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A Former Nuclear Commander Not Wild About Nukes

By Elaine M. Grossman National Journal

WASHINGTON -- Back in college, Gen. James Cartwright captained the University of Iowa's diving team, a consuming athletic challenge he pursued "all year long, seven days a week, multiple times a day," he said in an interview. He also did gymnastics on the side as "a good way to build up [the strength and] coordination that was necessary for the diving." But once the prospective marine graduated in 1971, he never returned to the diving board.

"If you walk away from it for a little bit of time, the ability to maintain the standard that you set for yourself is gone," the vice chairman of the Joint Chiefs of Staff explained. "It becomes more of a disappointment than something that you look forward to. And so when I stopped, I stopped."

Three and a half decades later, the general continues to show the same degree of personal discipline as he faces some daunting Defense Department-wide challenges. He has ascended to the U.S. military's highest ranks not through the old boy's fraternity of service academy graduates but through years of exacting performance. And, as he did with diving, Cartwright retains an uncanny ability to walk away from old commitments, without second thoughts, when he determines the time has come.

So it was not all that difficult to imagine that the Marine Corps general might take a slightly different tack regarding the nation's nuclear weapons arsenal when he arrived at U.S. Strategic Command's Nebraska headquarters in July 2004. In fact, the fighter pilot's military career to that point had little to do with these Cold War weapons.

Before his first year as commander of STRATCOM was up, Cartwright began publicly questioning the role of the nuclear arsenal in a way that none of his predecessors ever had. He did not go so far as to call for the elimination of nuclear weapons -- as a former STRATCOM leader, Air Force Gen. George Lee Butler, did in 1996, more than two years after his retirement.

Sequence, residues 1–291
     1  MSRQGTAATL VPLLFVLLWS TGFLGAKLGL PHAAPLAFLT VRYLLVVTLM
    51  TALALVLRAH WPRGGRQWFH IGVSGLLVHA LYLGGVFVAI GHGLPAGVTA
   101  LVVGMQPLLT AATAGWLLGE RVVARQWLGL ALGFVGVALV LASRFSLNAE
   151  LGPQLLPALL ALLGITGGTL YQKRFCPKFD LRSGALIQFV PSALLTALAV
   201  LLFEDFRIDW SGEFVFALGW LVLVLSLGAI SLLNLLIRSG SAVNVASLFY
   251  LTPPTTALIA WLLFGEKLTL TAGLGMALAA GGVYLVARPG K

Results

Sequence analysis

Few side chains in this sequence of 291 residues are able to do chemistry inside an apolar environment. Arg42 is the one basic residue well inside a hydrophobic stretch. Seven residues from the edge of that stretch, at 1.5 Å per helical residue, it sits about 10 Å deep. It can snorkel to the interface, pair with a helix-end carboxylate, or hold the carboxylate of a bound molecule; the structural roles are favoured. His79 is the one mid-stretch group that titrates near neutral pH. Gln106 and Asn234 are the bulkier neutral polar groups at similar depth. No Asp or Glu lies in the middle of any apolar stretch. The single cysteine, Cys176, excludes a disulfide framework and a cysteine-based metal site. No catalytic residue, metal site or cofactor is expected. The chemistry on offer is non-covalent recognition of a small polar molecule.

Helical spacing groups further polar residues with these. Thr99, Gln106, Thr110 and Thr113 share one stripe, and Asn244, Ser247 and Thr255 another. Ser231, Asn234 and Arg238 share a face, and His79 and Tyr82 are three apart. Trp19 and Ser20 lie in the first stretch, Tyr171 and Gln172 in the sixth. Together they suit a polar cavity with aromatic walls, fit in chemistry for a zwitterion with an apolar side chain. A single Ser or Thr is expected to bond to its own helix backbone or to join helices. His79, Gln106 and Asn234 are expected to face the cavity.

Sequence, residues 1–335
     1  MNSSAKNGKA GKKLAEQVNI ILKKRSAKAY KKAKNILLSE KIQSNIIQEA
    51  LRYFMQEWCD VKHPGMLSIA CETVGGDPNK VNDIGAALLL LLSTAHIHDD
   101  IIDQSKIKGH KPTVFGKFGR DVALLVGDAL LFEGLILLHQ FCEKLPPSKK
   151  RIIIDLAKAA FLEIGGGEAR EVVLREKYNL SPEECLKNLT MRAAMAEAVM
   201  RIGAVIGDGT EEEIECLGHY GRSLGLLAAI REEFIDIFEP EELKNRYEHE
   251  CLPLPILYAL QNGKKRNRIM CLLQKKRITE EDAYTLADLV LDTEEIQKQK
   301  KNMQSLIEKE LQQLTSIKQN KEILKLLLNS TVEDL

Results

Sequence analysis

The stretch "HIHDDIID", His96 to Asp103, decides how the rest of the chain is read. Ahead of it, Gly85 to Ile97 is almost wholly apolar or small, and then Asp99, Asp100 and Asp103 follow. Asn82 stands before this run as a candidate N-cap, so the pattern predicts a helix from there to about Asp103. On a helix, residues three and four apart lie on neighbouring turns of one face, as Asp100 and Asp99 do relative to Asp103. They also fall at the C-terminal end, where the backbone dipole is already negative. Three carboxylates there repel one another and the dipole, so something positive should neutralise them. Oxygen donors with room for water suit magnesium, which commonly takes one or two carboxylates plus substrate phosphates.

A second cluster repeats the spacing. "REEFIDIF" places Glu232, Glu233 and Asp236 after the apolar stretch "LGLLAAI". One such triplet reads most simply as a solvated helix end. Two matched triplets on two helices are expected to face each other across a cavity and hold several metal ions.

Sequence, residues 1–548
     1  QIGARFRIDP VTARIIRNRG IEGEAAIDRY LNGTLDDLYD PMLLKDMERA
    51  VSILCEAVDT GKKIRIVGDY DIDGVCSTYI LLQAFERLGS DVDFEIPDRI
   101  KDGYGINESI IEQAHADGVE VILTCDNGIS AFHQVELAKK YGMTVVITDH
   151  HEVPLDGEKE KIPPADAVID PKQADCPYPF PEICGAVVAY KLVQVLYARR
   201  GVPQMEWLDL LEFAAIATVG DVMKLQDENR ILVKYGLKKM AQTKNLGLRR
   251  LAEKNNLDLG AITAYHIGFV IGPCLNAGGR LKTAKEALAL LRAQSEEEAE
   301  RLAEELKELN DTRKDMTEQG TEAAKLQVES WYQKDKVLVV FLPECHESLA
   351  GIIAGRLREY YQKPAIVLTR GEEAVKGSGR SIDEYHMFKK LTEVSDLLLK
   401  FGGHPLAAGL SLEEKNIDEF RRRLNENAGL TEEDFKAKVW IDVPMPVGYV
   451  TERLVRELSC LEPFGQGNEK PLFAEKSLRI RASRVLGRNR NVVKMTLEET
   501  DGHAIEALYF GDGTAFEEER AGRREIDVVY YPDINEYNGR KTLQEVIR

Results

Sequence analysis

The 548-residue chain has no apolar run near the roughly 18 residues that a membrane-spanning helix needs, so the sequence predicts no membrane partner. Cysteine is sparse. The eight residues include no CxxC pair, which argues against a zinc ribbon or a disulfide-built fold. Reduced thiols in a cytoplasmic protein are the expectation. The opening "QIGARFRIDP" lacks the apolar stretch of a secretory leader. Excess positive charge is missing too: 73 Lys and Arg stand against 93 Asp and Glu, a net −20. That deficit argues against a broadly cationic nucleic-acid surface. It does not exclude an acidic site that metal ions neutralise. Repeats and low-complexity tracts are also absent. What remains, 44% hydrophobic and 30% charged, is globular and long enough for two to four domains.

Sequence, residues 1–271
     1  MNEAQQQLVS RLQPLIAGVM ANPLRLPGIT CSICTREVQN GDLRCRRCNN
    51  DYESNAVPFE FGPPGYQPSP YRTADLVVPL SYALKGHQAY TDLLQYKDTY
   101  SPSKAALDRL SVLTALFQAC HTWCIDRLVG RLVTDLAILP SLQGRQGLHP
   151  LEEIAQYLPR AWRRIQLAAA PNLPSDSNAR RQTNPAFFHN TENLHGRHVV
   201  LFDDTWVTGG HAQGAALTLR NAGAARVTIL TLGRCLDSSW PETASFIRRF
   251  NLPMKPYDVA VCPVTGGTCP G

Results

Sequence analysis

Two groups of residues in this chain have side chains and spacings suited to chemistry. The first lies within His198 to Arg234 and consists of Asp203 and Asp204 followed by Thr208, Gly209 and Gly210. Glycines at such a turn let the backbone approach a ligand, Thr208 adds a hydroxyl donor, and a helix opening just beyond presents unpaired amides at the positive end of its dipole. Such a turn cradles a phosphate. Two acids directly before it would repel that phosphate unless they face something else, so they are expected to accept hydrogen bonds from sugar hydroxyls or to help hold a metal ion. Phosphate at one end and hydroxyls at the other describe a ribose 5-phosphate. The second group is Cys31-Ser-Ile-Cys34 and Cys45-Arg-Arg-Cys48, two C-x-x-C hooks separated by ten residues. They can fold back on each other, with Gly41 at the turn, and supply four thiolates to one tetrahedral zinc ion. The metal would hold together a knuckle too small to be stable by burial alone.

But, while still in uniform, Cartwright has sufficiently broken with years of tradition to make some nuclear strategists nervous. Critics allege that the general naively ventured into an area outside his expertise and contend that he has no idea how much harm he is doing to U.S. national security.

It all started in April 2005, when Cartwright said that the United States could "drastically" reduce the nearly 10,000 warheads then in its atomic weapons stockpile by substituting conventional warheads to destroy many of the targets listed in STRATCOM's secret strategic nuclear war plans. The change became possible, Cartwright said, because conventional warheads are now so precise that they could destroy many of the same targets -- buildings, command bunkers, and missile silos -- that previously were the sole domain of the "big-bang" nukes.

A conventional weapon could now destroy 10 to 30 percent of STRATCOM's nuclear targets, one military analyst has estimated. Getting at hard-to-reach or very deeply buried, reinforced bunkers would, however, continue to demand levels of explosive energy offered solely by atomic bombs.